Look alive! It's National Eye Health and Safety Month

By Published On: August 21st, 2012

As you stare into your wee one’s eyes admiring just […]

As you stare into your wee one’s eyes admiring just how much they’re growing, make sure to note one more important change—her vision! August is National Eye Health and Safety Month, so take some time to set your sights on important information that can help your little one grow up to be a star pupil.
When baby enters the world, she doesn’t exactly see a bright and shining place. A newborn’s eyesight has been estimated to vary from 20/200 to 20/400, but this will improve to around 20/50 within the first year of life. If it doesn’t, your little Einstein may require glasses by her second birthday—just get the plastic frames!
But before you ever leave the hospital, make sure your bambino gets her eyes checked. 1 in 10 infants are at risk for undiagnosed vision problems, so baby’s first official eye exam should occur between six and twelve months, where the optometrist will check the structure of the eye, movement and alignment. Potential problems munchkin could face are cross eyes, amblyopia (lazy eye), cancer, nearsightedness or farsightedness.
To help proper sight development, you want to make sure baby gets plenty of lutein in her diet. Lu-what? you may be wondering, but you, mama, are actually the best source of this eye-protecting nutrient. Lutein is found naturally in colostrum and breast milk, as well as in spinach, corn, eggs, squash and apples. This antioxidant concentrates in human eyes to prevent oxidative damage and absorb harmful light. But in babies, lutein also works in the brain to help their auditory, memory, problem solving, motor function and visual processing systems develop.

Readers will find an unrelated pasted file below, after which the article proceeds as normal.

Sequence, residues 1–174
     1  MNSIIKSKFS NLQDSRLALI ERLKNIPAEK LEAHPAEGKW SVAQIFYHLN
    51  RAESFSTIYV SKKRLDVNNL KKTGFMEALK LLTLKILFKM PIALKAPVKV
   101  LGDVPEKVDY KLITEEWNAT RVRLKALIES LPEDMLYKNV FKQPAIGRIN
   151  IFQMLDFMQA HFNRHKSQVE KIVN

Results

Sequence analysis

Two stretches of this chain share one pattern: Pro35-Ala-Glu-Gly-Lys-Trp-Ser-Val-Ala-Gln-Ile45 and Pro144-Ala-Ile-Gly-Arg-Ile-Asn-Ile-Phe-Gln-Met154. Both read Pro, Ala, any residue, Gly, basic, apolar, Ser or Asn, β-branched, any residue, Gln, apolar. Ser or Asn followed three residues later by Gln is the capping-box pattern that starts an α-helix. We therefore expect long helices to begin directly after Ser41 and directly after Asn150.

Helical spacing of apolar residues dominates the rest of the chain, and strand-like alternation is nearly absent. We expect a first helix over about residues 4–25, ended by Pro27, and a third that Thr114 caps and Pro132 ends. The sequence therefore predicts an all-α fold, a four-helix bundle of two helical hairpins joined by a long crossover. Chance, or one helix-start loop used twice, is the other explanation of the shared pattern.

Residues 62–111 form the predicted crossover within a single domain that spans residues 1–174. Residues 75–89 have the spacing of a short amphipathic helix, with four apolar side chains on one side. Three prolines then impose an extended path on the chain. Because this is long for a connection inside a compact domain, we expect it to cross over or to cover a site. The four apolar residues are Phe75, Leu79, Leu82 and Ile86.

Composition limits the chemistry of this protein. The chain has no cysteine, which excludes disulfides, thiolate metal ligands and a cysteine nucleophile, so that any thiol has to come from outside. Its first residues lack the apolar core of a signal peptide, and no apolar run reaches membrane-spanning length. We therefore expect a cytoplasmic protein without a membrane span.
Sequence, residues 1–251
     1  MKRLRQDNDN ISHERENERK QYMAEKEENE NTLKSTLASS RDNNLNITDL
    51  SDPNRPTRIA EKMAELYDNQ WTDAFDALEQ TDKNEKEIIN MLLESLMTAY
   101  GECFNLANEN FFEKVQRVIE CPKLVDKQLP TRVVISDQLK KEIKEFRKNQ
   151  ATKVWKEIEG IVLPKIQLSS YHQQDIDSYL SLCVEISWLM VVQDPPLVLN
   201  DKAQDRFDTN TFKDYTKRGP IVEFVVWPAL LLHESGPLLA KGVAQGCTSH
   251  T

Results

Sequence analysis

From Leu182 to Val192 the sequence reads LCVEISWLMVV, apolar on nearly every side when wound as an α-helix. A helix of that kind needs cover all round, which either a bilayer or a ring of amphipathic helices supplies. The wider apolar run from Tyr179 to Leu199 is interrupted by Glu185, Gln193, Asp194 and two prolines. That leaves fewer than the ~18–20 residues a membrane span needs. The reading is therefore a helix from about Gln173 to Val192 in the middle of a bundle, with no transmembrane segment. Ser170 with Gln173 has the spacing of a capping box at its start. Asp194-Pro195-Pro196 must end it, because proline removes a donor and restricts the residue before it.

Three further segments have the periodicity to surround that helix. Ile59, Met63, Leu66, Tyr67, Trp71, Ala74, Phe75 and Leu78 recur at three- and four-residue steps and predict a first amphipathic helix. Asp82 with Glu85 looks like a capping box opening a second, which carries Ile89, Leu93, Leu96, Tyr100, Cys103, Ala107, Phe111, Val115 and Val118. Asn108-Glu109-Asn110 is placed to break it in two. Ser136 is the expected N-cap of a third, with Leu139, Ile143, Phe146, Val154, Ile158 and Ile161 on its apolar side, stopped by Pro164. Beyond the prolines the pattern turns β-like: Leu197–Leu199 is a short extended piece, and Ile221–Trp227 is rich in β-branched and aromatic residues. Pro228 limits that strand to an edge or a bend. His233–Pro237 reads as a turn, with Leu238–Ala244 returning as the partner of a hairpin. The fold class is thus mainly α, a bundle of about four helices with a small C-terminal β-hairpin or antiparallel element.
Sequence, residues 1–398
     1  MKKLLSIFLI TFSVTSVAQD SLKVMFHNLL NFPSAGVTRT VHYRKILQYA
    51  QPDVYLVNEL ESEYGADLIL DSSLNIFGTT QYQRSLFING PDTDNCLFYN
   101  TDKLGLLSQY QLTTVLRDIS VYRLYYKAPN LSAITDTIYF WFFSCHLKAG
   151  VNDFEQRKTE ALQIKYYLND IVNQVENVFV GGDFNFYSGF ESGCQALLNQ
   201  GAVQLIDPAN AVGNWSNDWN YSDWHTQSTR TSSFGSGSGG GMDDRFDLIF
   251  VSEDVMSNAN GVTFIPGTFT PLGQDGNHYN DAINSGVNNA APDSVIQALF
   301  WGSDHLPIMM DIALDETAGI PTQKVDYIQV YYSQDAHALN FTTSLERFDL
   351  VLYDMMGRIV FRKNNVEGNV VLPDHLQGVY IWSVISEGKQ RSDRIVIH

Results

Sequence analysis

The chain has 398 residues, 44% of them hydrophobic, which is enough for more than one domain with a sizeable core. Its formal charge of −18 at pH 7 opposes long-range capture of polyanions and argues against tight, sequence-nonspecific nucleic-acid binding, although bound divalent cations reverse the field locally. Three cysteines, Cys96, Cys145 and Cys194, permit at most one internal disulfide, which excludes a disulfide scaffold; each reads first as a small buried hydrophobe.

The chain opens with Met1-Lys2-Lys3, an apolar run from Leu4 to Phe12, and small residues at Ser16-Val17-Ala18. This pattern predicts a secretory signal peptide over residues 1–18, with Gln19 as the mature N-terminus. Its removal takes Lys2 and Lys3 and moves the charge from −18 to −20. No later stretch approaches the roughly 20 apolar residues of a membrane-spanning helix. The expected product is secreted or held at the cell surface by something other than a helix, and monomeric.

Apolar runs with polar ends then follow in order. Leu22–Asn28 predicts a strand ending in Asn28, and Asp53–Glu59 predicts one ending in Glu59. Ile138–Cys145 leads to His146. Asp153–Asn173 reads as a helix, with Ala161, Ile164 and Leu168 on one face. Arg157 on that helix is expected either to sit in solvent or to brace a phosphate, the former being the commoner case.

Studies are now showing that focusing on your child’s eye development early on may prevent some health issues down the road. Today, 10.4 million children are diagnosed with ADHD (more than ever before), and kids with behavioral disorders struggle with symptoms such as short attention spans, irritability while doing homework, motion sickness, and emotional or developmental immaturity. These signs are all written off as ADHD, but they are also signs of something else—a potential vision problem. According to the American Optometric Association, one in four children has a visual problem that affects their ability to learn. The result of this study? The ADHD “epidemic” might not be widespread after all.
Even the healthiest eyes in the world are still at risk for safety issues. Items in your home are the main cause of eye injury, with toys actually being the most dangerous. And when it comes to being outside, make sure your babe rocks the sunglasses. If it’s sunny enough for you to be wearing tinted lenses, the little one definitely needs them too—her eyes allow for 70% more UV rays to reach the retina, and currently, only 23% of parents buy sunglasses for their little star.
There’s a great, big world to see out there, so make sure your tyke is prepared. With preventative care, regular checkups, and some diet and lifestyle choices, healthy eyes are just a blink away!